The main goal of this paper is to give the basis for creating a computer-based clinical decision support (CDS) system for laryngopathies. One of approaches which can be used in the proposed CDS is based on the speech signal analysis using recurrent neural networks (RNNs). RNNs can be used for pattern recognition in time series data due to their ability of memorizing some information from the past. The Elman networks (ENs) are a classical representative of RNNs. To improve learning ability of ENs, we may modify and combine them with another kind of RNNs, namely, with the Jordan networks. The modified Elman-Jordan networks (EJNs) manifest a faster and more exact achievement of the target pattern. Validation experiments were carried out on speech signals of patients from the control group and with two kinds of laryngopathies.

  17. Model-based knowledge acquisition in environmental decision support system for wastewater integrated management.

    PubMed

    Prat, Pau; Benedetti, Lorenzo; Corominas, Lluís; Comas, Joaquim; Poch, Manel

    2012-01-01

    The main goal of the Water Framework Directive is to achieve good chemical and ecological status of water bodies by 2015. The implementation of integrated river basin management, including sewer systems, wastewater treatment plants and receiving water bodies, is essential to accomplishing this objective. Integrated management is complex and therefore the implementation of control systems and the development of decision support systems are needed to facilitate the work of urban wastewater system (UWS) managers. Within this context, the objective of this paper is to apply integrated modelling of an UWS to simulate and analyse the behaviour of the 'Congost' UWS in Spain, and to optimize its performance against different types of perturbations. This analysis results in optimal operating set-points for each perturbation, improves river water quality, minimizes combined sewer overflows and optimizes flow lamination from storm water tanks. This is achieved by running Monte Carlo simulations and applying global sensitivity analysis. The set-points will become part of the knowledge base composed of a set of IF-THEN rules of the environmental decision support system being developed for this case study.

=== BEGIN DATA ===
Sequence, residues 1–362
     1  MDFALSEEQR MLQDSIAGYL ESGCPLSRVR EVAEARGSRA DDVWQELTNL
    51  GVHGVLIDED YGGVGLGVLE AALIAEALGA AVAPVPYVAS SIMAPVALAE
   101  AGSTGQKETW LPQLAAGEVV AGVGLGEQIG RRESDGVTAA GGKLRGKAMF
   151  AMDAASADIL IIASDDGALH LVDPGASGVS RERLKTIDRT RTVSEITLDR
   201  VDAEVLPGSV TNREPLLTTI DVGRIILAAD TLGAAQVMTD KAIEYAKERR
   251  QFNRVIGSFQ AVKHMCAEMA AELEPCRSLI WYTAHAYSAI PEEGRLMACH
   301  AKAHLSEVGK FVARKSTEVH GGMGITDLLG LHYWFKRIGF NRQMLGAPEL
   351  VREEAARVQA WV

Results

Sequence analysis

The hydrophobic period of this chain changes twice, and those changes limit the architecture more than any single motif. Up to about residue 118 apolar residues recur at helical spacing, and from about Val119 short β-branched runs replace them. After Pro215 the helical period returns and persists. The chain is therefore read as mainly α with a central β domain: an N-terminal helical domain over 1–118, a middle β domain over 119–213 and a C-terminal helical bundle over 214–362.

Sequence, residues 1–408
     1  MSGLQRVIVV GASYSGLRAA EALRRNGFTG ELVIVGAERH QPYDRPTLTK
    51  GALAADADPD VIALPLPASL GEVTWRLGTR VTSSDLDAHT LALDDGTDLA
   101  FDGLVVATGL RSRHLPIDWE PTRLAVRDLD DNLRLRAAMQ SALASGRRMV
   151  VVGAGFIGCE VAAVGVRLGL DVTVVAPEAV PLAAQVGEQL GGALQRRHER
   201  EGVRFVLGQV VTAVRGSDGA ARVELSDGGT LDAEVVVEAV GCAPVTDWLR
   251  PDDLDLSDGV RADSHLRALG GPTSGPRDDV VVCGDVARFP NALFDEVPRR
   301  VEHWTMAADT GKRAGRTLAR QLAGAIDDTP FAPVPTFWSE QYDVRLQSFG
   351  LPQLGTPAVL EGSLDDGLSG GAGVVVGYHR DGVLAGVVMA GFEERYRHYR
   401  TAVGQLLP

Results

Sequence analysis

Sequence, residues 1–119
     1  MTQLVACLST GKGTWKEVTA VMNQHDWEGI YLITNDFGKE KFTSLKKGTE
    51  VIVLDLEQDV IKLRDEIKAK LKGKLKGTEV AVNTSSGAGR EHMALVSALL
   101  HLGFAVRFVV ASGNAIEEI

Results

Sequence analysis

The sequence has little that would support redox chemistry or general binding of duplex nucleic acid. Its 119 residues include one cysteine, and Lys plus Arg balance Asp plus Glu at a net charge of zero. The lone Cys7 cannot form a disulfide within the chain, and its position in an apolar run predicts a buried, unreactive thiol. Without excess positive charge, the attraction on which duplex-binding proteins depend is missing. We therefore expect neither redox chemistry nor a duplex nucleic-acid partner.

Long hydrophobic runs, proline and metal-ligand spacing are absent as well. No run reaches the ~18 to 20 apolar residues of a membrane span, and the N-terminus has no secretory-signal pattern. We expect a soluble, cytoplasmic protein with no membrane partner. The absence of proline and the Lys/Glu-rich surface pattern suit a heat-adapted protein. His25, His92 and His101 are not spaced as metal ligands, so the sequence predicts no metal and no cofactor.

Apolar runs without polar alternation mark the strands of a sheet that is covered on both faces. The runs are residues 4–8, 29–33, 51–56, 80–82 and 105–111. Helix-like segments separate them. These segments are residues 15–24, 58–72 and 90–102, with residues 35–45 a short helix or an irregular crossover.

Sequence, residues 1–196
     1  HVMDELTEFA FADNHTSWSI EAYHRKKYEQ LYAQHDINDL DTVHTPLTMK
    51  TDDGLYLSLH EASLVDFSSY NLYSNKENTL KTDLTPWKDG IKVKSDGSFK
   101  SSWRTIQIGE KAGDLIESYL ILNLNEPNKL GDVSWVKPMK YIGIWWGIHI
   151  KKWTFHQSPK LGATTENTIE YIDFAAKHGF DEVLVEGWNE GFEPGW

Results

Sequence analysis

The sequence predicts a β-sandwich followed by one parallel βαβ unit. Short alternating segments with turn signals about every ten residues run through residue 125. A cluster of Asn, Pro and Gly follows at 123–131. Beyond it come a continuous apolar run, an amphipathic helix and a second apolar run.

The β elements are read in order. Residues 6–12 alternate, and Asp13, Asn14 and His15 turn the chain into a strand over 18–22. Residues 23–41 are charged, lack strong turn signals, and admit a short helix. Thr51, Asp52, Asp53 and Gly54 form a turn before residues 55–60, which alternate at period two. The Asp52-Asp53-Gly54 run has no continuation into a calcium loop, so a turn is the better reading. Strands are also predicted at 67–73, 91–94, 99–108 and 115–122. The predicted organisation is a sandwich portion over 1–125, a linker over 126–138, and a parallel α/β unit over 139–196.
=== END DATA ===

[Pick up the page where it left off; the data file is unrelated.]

18. The Interplay of Hippocampus and Ventromedial Prefrontal Cortex in Memory-Based Decision Making

    PubMed Central

    Weilbächer, Regina A.; Gluth, Sebastian

    2016-01-01

    Episodic memory and value-based decision making are two central and intensively studied research domains in cognitive neuroscience, but we are just beginning to understand how they interact to enable memory-based decisions. The two brain regions that have been associated with episodic memory and value-based decision making are the hippocampus and the ventromedial prefrontal cortex, respectively. In this review article, we first give an overview of these brain–behavior associations and then focus on the mechanisms of potential interactions between the hippocampus and ventromedial prefrontal cortex that have been proposed and tested in recent neuroimaging studies. Based on those possible interactions, we discuss several directions for future research on the neural and cognitive foundations of memory-based decision making. PMID:28036071

  19. Thermal power systems small power systems applications project. Decision analysis for evaluating and ranking small solar thermal power system technologies. Volume 1: A brief introduction to multiattribute decision analysis. [explanation of multiattribute decision analysis methods used in evaluating alternatives for small powered systems

    NASA Technical Reports Server (NTRS)

    Feinberg, A.; Miles, R. F., Jr.

    1978-01-01